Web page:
The evening that Lynn heard her boyfriend had given her up, she was all for going round to her boyfriend’s house and breaking every window in it. As reasoning had no effect I half carried her to her room and called the other residents to help me. I told them what Lynn had said and asked them to help me stop her leaving the home, either by a door or by throwing herself out of a window.
They stood, sat or leaned on furniture in a circle round Lynn and the next hour and a half was an eye-opener for me as they took over talking to and reasoning with her. No force was used to restrain her and the calm, sympathetic way in which they talked to her about her situation and how to cope with her feelings would have been an object lesson to any social worker. I didn’t need to say a word and Lynn went to bed to have a good night’s sleep.
That incident stands out among many less dramatic ones in my experience
of how a "healthy peer group influence" can be such an important factor in
good residential care.
I first came across this in a girls’ hostel where I was visiting a girl who had moved on from a children’s home. Though I later got to know the staff, and their version of what happened in the hostel was published, I first heard about it from other girls in the hostel and their obvious delight in what was going on and the way it had helped them and others who had been in the hostel came over very clearly.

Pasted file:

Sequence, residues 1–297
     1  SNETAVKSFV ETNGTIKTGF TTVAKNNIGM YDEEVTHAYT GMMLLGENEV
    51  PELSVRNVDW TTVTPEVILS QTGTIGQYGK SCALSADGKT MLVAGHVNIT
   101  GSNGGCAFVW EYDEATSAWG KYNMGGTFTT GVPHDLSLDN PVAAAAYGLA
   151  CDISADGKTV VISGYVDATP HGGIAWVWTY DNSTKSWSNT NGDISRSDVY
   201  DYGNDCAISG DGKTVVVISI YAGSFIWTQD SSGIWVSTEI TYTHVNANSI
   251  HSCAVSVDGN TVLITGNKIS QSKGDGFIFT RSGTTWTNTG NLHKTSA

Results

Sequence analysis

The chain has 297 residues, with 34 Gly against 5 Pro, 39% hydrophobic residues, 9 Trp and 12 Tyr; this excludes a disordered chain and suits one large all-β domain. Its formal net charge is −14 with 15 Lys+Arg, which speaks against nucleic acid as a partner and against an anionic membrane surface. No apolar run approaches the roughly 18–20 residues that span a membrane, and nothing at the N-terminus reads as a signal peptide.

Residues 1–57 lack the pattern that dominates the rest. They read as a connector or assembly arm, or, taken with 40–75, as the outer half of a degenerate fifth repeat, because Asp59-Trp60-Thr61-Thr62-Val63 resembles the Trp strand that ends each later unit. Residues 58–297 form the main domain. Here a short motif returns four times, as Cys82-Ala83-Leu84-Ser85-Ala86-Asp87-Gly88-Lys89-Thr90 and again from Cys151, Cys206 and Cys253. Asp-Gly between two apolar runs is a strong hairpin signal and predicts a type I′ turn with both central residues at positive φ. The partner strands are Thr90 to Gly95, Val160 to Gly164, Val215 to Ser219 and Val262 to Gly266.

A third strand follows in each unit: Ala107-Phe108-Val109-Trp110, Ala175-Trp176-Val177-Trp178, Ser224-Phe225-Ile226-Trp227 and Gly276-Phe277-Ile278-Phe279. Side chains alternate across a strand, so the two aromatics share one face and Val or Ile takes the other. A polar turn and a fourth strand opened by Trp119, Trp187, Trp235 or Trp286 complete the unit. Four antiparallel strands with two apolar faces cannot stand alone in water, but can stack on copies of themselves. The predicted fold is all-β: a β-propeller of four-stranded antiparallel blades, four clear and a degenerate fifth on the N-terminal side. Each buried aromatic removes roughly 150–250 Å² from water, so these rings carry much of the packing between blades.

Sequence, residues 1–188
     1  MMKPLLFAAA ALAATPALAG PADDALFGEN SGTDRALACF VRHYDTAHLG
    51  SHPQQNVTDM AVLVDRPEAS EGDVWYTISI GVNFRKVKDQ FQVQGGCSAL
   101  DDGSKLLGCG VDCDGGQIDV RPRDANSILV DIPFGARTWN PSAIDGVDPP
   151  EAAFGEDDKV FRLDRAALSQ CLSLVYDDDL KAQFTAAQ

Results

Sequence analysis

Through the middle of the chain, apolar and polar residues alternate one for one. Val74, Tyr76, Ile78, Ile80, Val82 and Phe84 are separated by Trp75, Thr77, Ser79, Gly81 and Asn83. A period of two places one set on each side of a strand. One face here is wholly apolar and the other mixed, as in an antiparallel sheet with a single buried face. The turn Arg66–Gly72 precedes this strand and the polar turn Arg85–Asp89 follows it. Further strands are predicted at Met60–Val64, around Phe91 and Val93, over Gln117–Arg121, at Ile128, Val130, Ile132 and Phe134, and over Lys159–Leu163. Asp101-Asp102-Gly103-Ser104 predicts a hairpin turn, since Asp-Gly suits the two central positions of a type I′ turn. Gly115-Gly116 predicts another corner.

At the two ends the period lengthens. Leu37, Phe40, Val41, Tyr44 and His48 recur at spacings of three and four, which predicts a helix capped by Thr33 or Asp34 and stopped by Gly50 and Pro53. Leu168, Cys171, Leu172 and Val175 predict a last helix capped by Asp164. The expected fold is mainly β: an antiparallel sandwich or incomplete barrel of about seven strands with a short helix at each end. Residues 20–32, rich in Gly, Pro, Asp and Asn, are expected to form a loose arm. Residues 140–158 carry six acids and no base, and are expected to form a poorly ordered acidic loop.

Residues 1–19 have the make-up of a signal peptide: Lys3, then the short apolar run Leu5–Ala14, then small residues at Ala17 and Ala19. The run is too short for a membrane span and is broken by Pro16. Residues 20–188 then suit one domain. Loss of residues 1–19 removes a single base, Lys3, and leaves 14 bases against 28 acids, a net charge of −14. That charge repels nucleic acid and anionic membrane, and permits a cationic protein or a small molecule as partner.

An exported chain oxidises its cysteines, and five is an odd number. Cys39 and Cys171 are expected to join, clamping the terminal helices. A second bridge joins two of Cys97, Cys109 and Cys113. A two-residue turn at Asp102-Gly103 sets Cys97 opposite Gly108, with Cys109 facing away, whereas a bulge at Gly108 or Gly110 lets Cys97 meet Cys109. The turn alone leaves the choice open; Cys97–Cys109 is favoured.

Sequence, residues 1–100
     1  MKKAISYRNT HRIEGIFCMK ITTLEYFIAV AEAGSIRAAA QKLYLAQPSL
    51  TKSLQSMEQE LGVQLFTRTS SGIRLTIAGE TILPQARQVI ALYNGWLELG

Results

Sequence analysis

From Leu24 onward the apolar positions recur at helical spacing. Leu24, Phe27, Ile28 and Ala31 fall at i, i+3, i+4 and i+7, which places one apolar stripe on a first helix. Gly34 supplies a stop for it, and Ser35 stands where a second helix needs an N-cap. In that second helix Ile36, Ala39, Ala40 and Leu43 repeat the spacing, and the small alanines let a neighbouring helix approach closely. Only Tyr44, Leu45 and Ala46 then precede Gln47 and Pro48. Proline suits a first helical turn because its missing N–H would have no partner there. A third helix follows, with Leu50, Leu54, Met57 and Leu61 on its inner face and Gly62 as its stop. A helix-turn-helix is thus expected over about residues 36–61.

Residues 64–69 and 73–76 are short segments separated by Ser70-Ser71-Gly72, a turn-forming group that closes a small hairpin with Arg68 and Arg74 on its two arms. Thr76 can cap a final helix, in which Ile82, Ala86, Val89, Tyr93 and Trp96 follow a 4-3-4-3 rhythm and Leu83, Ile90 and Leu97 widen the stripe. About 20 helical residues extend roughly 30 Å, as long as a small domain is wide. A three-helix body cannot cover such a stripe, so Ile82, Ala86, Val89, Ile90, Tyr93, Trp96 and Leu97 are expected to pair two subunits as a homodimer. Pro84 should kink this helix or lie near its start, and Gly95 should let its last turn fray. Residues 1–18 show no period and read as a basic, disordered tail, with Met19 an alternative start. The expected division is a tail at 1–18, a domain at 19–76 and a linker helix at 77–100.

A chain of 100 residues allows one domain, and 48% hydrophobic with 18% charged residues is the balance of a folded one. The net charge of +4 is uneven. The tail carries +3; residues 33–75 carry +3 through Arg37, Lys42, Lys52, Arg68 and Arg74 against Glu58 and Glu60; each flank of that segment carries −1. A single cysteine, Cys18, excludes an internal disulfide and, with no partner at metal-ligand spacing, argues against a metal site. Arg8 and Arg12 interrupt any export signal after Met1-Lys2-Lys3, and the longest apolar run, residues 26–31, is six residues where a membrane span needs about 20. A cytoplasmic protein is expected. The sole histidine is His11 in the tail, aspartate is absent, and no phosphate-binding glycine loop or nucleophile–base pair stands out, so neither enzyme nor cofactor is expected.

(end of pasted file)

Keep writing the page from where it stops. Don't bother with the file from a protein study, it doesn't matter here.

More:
The idea that residents can make a positive contribution to the success of residential care is not new: Homer Lane’s "Little Commonwealth" and Maxwell Jones’ "therapeutic community" both emphasise the contribution residents can make. More recently, Martin Wolins has identified it as one of the factors in successful residential care.’
What is interesting historically is that between 1930 and 1970 very few people paid any attention to the importance of peers in human development. Bowlby emphasised the vertical mother-child relationship; Freudians assumed that adult problems could all be reduced to unsatisfactory vertical parent-child relationships in early life and behaviourists stressed the importance of manipulating the environment – usually by people in "parental" role relationships with the people being manipulated.
It is, therefore, delightfully ironic that Harlow, whose earlier studies were pounced on to support Bowlby’s mother-child theories, has come up in the 70s with evidence of the value of peer relationships. Suomi and Harlow have found that monkeys that had become disturbed or maladjusted as a result of maternal deprivation could be successfully "treated" by being introduced to a "therapist" peer – and through this to a healthy peer group. Once this was accomplished all signs of disturbance disappeared.
Reading this and other recent studies took me back to a time when two seven-year-olds were admitted to the home in which I was working. One came from a "problem family" and had been in and out of care – as had his brothers and sisters – at each family crisis. The other had been cared for from birth by her mother. The first was bright, lively, an incorrigible mischief, and showed no signs at all of "deprivation"; the second was anxious, clinging, unable to take any decisions – indeed, totally "institutionalised" before she ever saw the front door of any institution.